Modesty and Humility

The Shikker Dovid has been learning some of the second chapter of Bava Metzia. On page 23b (at the bottom) the Talmud makes a statement: A young torah scholar may “change his words” (deviate from the reality, Gd forbid lie) when asked about three things:
1. Does he know a certain tractate of the talmud-ie his learning
2. Questions of intimacy and marital relations
3. The hospitality of others.

The first two are understandable, clearly one need not brag about his learning and secondly one need not discuss intimate things with others. But why hospitality of other? The Shikker Dovid has puzzled over this and finds only one solution.

The third idea, hospitality is different because it relates to another person, not oneself. The lesson is that one should guard another person’s privacy, modesty and humility as if it was his own. The same way we can change our words so as not to divulge things about ourself, one can change words so as not reveal things about others. We must guard other peoples privacy the same way we have the right to guard our own privacy.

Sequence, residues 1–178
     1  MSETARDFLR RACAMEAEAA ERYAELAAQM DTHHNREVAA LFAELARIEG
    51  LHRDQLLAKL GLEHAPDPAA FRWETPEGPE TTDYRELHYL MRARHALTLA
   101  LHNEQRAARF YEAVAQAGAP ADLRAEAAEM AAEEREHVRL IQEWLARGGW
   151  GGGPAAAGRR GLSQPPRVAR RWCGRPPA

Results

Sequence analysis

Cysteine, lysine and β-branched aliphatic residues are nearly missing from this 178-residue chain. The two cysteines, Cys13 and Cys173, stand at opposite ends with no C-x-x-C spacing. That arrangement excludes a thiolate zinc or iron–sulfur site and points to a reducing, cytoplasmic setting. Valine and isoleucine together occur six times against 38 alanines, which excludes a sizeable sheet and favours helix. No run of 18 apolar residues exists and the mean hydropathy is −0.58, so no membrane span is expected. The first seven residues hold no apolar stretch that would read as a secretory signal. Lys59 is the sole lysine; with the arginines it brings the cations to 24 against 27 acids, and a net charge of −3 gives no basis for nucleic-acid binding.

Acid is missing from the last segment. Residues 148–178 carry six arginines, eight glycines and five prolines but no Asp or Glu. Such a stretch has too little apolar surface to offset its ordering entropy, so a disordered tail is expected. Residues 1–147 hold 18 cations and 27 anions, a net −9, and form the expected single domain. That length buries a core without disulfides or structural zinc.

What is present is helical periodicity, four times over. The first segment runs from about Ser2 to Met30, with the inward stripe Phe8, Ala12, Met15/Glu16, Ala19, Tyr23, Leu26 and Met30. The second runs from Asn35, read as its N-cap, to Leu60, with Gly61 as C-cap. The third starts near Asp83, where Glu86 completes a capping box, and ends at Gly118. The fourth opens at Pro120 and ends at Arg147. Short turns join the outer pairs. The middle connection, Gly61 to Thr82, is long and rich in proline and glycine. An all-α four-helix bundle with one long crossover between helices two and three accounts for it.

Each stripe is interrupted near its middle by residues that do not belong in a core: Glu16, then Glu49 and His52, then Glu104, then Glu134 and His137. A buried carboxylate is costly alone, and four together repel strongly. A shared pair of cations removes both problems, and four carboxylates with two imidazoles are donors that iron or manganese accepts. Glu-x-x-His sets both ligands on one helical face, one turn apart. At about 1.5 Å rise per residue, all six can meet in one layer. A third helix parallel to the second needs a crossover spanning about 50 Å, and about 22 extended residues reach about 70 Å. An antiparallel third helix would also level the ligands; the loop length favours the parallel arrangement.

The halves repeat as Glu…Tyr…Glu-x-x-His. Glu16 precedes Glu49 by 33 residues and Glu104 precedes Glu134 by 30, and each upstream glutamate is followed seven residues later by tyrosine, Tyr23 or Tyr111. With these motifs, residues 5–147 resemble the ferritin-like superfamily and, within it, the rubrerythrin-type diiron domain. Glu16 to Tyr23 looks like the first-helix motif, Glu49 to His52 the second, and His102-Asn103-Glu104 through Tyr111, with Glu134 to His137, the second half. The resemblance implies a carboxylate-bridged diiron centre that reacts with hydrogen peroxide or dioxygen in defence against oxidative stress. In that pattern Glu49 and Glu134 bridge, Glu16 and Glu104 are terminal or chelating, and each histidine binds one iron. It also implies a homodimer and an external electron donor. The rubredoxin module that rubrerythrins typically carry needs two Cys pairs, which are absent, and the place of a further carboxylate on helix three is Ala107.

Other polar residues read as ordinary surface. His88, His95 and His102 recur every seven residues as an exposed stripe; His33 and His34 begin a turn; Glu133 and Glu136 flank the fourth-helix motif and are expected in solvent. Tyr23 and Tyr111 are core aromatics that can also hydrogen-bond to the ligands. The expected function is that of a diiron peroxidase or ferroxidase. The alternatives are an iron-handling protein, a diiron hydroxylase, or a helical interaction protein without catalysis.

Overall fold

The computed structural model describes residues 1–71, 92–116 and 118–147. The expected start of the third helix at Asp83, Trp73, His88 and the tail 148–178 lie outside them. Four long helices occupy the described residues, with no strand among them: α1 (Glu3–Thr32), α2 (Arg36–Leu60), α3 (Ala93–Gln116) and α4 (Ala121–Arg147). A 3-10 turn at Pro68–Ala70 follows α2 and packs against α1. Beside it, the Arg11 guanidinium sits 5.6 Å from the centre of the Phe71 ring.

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One Response to Modesty and Humility

  1. Anonymous says:

    wouldn’t it be lashon harah to comment on another’s hospitality. even if he were to praise his hospitality, others might preceive it as haughtiness and not graciousness. also, perhaps if the person is not viewed as generous, it could be because he shows his generosity in other forms, is very modest about it, or simply can’t afford it.

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